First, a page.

Clear2Connect Files Letter With the FCC On the Future of IP CTS

This week, the Clear2Connect Coalition submitted a filing and accompanying white paper to the Federal Communications Commission (FCC), to address the Commission’s ongoing efforts to modernize the IP CTS program, by adopting changes that could harm and jeopardize the livelihoods of users who rely on this service. In our filing, the Coalition urged the Commission to conduct additional testing and to adopt service quality metrics and standards before authorizing any provider to receive compensation for exclusively automated speech recognition (ASR) service. While Clear2Connect Coalition members agree that the future of the IP CTS program may well include ASR-only services, and looks forward to the time when those services provide functional equivalence to consumers, they are not ready yet.

The next day, the Subcommittee on Communications and Technology of the House Committee on Energy and Commerce held a hearing entitled, “Accountability and Oversight of the Federal Communications Commission.” The hearing featured testimony from all five of the agency’s Commissioners, including Chairman Ajit Pai who answered questions from Representative Gus Bilirakis (R-FL-12) on his concerns about the impact allowing fully automated speech recognition would have on individuals who rely on the IP CTS program:

Rep. Gus Bilirakis (R-FL-12): “Chairman Pai, many of our veterans, retirees, and other Americans with hearing loss, I am one of them, rely on the IP CTS service that you administer. Currently, you are considering allowing fully automated speech recognition to replace humans in ensuring accuracy of the service. I am concerned that such action could result in inferior service, as the testing already done does not replicate real-world conditions. Again Mr. Chairman, would you commit to additional study and testing before you certify any ASR-only provider or service?”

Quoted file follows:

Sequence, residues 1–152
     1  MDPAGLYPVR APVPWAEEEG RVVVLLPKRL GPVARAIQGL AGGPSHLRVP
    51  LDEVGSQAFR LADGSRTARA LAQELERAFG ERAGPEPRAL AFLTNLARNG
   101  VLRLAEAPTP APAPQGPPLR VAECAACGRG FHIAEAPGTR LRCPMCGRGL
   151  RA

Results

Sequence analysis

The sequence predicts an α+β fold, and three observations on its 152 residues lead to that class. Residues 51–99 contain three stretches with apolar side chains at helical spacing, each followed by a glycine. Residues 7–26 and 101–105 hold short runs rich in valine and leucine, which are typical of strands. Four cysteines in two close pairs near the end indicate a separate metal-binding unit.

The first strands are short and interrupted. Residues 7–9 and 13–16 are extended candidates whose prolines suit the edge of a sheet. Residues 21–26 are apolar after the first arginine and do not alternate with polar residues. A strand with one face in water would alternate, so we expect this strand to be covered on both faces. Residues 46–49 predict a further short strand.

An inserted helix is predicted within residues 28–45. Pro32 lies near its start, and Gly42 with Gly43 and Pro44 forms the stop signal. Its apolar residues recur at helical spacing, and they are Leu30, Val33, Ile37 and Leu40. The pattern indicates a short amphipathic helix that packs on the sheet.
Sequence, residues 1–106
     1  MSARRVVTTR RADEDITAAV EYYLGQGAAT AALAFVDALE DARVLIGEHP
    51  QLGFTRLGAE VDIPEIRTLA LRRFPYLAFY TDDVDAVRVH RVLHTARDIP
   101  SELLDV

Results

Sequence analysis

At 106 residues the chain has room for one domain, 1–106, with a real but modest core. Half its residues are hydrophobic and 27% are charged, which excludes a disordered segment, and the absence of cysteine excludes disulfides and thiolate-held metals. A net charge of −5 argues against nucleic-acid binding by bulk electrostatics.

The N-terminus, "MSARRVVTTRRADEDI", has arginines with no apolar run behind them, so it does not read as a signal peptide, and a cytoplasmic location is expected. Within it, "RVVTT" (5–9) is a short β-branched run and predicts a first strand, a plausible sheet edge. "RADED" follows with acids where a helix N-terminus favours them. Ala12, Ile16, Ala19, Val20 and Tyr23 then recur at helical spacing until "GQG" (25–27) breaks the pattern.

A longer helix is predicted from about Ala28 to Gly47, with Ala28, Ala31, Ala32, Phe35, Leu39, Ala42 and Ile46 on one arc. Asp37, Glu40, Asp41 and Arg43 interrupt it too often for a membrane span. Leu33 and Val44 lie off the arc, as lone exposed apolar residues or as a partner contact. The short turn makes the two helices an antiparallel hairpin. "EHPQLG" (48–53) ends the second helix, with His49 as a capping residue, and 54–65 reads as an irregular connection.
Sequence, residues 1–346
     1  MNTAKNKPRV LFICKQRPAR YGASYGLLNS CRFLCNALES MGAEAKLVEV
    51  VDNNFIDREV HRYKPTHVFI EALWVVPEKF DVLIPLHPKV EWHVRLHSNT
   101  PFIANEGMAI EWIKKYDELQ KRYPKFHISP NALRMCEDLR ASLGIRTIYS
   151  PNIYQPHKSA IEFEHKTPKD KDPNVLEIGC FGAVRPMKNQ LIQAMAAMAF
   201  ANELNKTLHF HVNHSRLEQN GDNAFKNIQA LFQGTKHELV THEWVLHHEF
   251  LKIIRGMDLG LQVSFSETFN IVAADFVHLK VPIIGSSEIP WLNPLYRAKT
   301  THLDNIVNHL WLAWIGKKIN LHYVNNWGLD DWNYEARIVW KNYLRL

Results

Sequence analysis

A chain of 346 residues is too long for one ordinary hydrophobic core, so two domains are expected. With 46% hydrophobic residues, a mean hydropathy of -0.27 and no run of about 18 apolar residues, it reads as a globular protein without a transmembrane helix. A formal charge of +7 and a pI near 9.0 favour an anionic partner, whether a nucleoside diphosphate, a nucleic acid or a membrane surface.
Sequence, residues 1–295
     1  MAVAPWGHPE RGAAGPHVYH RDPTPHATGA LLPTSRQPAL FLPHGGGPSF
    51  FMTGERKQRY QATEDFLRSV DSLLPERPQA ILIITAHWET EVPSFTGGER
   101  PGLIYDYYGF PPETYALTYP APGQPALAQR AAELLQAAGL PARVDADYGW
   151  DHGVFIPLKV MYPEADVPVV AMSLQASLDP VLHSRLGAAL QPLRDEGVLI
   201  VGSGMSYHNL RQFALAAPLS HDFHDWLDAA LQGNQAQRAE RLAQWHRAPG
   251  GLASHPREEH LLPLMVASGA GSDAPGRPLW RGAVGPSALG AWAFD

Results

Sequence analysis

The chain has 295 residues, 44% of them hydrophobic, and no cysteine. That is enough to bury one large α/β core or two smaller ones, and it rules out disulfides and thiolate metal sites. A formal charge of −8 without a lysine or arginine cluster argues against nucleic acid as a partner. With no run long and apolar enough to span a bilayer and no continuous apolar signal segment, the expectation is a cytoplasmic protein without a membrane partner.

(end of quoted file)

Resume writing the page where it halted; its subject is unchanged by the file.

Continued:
Chairman Pai: “I appreciate your concern Congressman, and that is why in our proposal we make clear that before we grant any certification to an IP CTS provider, that provider has to ensure that any ASR technology they use, meets the mandatory minimum standards for service that those with disabilities who rely on that service would require. That is built in to ensure that the service is top notch.”

Rep. Gus Bilirakis (R-FL-12): “That is all very important. And again, if it’s not right, then it is just not going to work – it’s not suitable. And we have to have somebody with hearing loss actually test it to make sure that it is actually performing well. So, I appreciate you doing that and if you could follow up with us to make sure that happens, I would appreciate it.”

Chairman Pai: “I would be happy to.”

We look forward to highlighting how Coalition members’ efforts continue to drive the conversation forward on the importance of the FCC taking the sensible approach of subjecting ASR to more robust testing and developing new metrics and standards that all IP CTS providers, including ASR-exclusive providers, must meet to provide service.

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